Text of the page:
1. Add users to their corresponding groups with “samba-tool group addmembers group_name user,user2,usern”:

  1. Verify that users, groups and memberships exist with commands “samba-tool user list”, “samba-tool group list” and “samba-tool group listmembers group_name”:

For more information on using samba-tool, just run samba-tool --help.

  1. Done.

How to get Percona Server to use these accounts for authentication via LDAP

We will be using the machine ps-ldap-20.example.com to offer MySQL service with LDAP authentication via Percona PAM. If you’re not familiar with Percona PAM, please have a look at this before moving forward.

At this point, our Samba service is running with users, groups and memberships added. We can now query Samba via LDAP ports 389 and 636. We will configure the server to do LDAP lookups when searching for users and groups. This is necessary because we use the name service to validate group membership. We will then install Percona Server for MySQL and configure our PAM plugin to use nss-pam-ldapd to authenticate to LDAP. Finally, we will test LDAP authentication on Percona Server for MySQL using a regular user and proxy user.

  1. Install nss-pam-ldapd and nscd. We will use these packages to query LDAP server from our server:

  1. Configure nss-pam-ldapd by incorporating our Samba’s LDAP settings:

As you can see above, this config contains LDAP settings, mapping custom LDAP attributes, and LDAP credentials. The value of objectSid was taken from “DOMAIN SID” that was generated when I created a new domain. So, be sure to use the value of “DOMAIN SID” generated on your end. Otherwise, your LDAP queries will not match any record. However, if you’re authenticating from an existing Windows AD server, you can obtain the value of “DOMAIN SID” by running “Get-ADDomain”. Also, you can take a look at this link to get to know more about other configurations for nslcd.conf.

  1. Add LDAP lookup to nsswitch service by editing /etc/nsswitch.conf:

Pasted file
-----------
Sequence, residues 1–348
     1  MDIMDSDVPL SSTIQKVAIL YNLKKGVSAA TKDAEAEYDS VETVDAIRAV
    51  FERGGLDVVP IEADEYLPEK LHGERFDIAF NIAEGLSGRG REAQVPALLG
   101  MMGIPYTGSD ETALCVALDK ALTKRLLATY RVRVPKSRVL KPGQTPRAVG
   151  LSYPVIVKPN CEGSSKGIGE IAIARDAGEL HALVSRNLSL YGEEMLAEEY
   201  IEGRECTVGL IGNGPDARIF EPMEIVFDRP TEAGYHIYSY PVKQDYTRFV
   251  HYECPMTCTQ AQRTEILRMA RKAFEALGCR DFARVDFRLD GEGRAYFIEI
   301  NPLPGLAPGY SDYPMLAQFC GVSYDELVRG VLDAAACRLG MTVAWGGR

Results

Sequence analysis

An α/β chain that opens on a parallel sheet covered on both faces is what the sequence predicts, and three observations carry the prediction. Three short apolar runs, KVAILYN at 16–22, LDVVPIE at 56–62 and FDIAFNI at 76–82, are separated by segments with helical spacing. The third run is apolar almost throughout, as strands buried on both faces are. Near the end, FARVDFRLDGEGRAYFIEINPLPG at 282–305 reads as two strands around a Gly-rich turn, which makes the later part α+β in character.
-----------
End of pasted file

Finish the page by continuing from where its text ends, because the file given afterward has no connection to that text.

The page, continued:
Find:
passwd: files sss
shadow: files sss
group: files sss

Replace with:
passwd: files sss ldap
shadow: files sss ldap
group: files sss ldap

  1. Run nslcd in debug mode:

  1. Test if LDAP lookups work by running “id ” and “getent passwd” on another terminal:

If you take a look at the nslcd terminal again, you will see that it’s trying to resolve the user and group identification with LDAP searches:

Now that we know nslcd is working, shut it down by running “Ctrl-C”.

  1. Run nslcd normally and make sure it starts up on boot:

  1. Install and run Percona Server for MySQL 5.7 and make sure it runs when the server boots up:

  1. Login to MySQL and change the root password:

  1. Install the Percona PAM plugin:

  1. Configure Percona PAM to authenticate to LDAP by creating /etc/pam.d/mysqld with this content:

  1. Create a MySQL user that will authenticate via auth_pam:

  1. Login as this user and check grants:

It works! However, if you have 100 support users who have the same MySQL privileges, creating 100 MySQL users is tedious and can be difficult to maintain. If belonging to a group has certain MySQL privileges, setup proxy users instead to map a user’s privilege to its defined group. We will implement this for both dba and support users in the next step.

For now, delete the user we just created:

  1. Create proxy user and proxied accounts:

To know more about setting up proxy users, see this article written by Stephane.

  1. Let’s try logging in as “jericho” and “paul” and see if they inherit the privileges of their group.

As you can see, they did inherit the MySQL privileges of their groups.

  1. Done.

Conclusion

To be honest, setting up Percona PAM with LDAP can be challenging if you add this functionality with existing infrastructure. But hopefully, by setting this up in a lab environment from scratch, and doing some tests, you’ll be confident enough to incorporate this feature in production environments.

PREVIOUS POST
NEXT POST
Jaime Sicam

Jaime is a Senior Technical Services Engineer at Percona. Prior to joining Percona, Jaime worked as a remote system administrator managing high-traffic websites and consultant for several local companies. He also conducted Linux trainings in several schools. Jaime is based in the Philippines. He enjoys road trips and photography in his spare time.

Leave a Reply